Gil-galad – High King of the Noldor
Surprisingly enough, not much is told about the life of Gil-galad. After the Dagor Bragollach, he was sent to live with Círdan, and he became High King of the Noldor in Exile after Turgon’s death.
After the breaking of Beleriand, he remained King and lived in Lindon with his people, those Eldar who were reluctant to leave Middle-earth where they had fought and laboured so long. With him remained Elrond and Elros.
When Sauron set out to ensnare the inhabitants of Middle-earth, it was only to Lindon that he dared not go, for Gil-galad and Elrond both doubted his intentions, though they did not know who he was exactly. They also sent messengers to the other elves warning them about Annatar, but the messages were seldom heeded. Sauron, in an echo of Morgoth causing trouble between Fingolfin and Fëanor, told the other elves that:
“A mighty King is Gil-galad, and wise in all lore is Master Elrond, and yet they will not aid me in my labours. Can it be that they do not desire to see other lands become as blissful as their own? But wherefore should Middle-earth remain for ever desolate and dark, whereas the Elves could make it as fair as Eressëa, nay even as Valinor?” (Silmarillion, Of the Rings of Power and the Third Age)
The power of Gil-galad remained strong in Lindon while the rest of Middle-earth fell under the wiles of Sauron. And, when Sauron returned from Númenor, he even found that Gil-galad’s power had increased, spreading over wide regions of the north and west, beyond the Misty Mountains and the Great River, even to the borders of Greenwood the Great.
When the Faithful sailed out of Númenor, Elendil was cast up in Lindon, and befriended by Gil-galad. Towards the end of the Second Age, they made a league called the Last Alliance – Men and Elves united to stop Sauron before he became too strong.
In the ensuing battle, all the Elves followed Gil-galad, and the host of the Last Alliance had the victory, with none of the enemies being able to stand against Aeglos, Gil-galad’s spear. Then Gil-galad and Elendil passed into Mordor, and laid siege to the stronghold of Sauron for seven years. After that, Sauron himself came forth onto the slopes of Orodruin, and wrestled with Gil-galad and Elendil. Both were slain.
(For a fuller account of the War of the Last Alliance, see the Elrond’s Library article here.)
The Fall of Gil-galad
The Fall of Gil-galad was remembered in a song sung to the Fellowship by Samwise Gamgee:
Gil-galad was an Elven-king.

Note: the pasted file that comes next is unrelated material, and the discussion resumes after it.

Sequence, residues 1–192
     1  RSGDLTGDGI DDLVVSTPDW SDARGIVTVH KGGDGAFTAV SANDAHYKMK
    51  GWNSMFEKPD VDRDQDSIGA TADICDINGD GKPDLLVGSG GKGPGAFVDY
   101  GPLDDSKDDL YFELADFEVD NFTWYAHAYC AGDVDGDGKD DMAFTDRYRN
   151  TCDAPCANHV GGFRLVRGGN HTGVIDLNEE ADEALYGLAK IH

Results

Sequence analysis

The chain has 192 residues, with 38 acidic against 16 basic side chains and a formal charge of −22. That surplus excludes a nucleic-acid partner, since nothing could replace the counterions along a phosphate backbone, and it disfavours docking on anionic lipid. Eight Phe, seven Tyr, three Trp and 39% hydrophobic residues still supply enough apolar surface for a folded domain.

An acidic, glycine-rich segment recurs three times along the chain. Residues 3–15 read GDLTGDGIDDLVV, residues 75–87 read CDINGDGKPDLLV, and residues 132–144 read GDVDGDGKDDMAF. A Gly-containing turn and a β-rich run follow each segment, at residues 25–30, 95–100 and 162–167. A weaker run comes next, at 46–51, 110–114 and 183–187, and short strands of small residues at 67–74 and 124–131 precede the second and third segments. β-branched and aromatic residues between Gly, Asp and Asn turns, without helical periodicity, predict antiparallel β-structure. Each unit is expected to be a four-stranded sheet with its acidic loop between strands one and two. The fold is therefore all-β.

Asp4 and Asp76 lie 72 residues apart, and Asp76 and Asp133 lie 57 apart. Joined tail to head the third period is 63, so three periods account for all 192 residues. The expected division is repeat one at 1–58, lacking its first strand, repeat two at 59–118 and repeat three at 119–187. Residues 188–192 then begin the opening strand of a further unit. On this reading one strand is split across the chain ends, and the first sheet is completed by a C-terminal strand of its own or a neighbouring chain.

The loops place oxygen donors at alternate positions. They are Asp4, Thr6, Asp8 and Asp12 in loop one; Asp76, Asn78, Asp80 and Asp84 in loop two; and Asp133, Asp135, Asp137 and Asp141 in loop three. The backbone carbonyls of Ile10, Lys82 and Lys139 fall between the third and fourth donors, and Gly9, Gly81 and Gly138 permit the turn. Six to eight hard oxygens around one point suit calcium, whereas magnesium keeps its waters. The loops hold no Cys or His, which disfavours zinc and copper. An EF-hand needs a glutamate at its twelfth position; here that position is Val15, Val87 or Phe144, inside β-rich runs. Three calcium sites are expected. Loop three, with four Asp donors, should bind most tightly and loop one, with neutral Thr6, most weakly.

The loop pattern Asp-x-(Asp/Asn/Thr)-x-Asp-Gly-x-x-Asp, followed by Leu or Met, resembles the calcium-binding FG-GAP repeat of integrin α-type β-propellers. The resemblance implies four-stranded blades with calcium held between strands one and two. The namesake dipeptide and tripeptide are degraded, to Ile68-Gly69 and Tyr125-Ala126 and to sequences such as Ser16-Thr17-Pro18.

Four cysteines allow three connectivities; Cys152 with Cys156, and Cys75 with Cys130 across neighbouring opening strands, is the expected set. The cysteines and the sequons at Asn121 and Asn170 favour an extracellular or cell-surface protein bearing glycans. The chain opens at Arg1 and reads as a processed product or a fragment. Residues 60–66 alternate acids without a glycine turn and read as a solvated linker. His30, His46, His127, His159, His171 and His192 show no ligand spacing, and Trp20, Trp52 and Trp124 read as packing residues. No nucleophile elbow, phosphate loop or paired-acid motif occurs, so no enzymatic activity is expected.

Of him the harpers sadly sing:
the last whose realm was fair and free
between the Mountains and the Sea.
His sword was long, his lance was keen,
his shining helm afar was seen;
the countless stars of heaven’s field
were mirrored in his silver shield.
But long ago he rode away,
and where he dwelleth none can say;
for into darkness fell his star
in Mordor where the shadows are. (Fellowship of the Ring)
The parentage of Gil-galad
The parentage of Gil-galad is fairly enigmatic. The Silmarillion says that his father was Fingon son of Fingolfin, but Christopher Tolkien readily explains (in the Shibboleth of Fëanor, Peoples of Middle-earth) that this was an error due to the incredible complexity of the source material:
“Gil-galad as the son of Fingon… was an ephemeral idea.” (Shibboleth of Fëanor, Peoples of Middle-earth)
Tolkien changed his mind about Gil-galad’s ancestry several times, originally supposing that he was the son of Finrod Felagund. This idea remained foremost through the time of the writing of The Lord of the Rings, as can be seen in an addition to the Quenta Silmarillion where it was told that Finrod send away his wife and son Gil-galad from Nargothrond to the Havens. However, when it was decided that Finrod had no wife, instead leaving his love Amárië in Aman (Grey Annals of 1951), Gil-galad’s parentage needed to be changed.
Enter Orodreth. Orodreth’s earliest incarnation was as the son of Finrod (named Artanáro Rhodothir). He was the second King of Nargothrond and the father of Finduilas. But when Amárië was created, Orodreth moved from being Finrod’s son to being the son of Finrod’s brother, Angrod. The name of Angrod’s son was then changed from Artanáro to Artaresto.
Tolkien’s last writing on the subject came from 1965, when he suggested that the best solution to Gil-galad’s parentage would be to have him as the son of Orodreth:
“Angrod’s son was Artaresto, who was beloved by Finrod and escaped when Angrod was slain, and dwelt with Finrod. Finrod made him his ‘steward’ and he succeeded him in Nargothrond. His Sindarin name was Rodreth (altered to Orodreth because of his love of the mountains .. ….. His children were Finduilas and Artanáro = Rodnor later called Gil-galad. (Their mother was a Sindarin lady of the North. She called her son Gil-galad.) Rodnor Gil-galad escaped and eventually came to Sirion’s Mouth and was King of the Noldor there.” (Shibboleth of Fëanor, Peoples of Middle-earth)
The final genealogy thus had Orodreth as the son of Angrod, and Gil-galad and Finduilas as the children of Orodreth. Gil-galad was thus the nephew of Finrod. About this decision, Christopher Tolkien said:
“There can be no doubt that this was my father’s last word on the subject; but nothing of this late and radically altered conception ever touched the existing narratives, and it was obviously impossible to introduce it into the published Silmarillion. It would nonetheless have been very much better to have left Gil-galad’s parentage obscure.” (Shibboleth of Fëanor, Peoples of Middle-earth)
References: The Silmarillion, The Fellowship of the Ring, Peoples of Middle-earth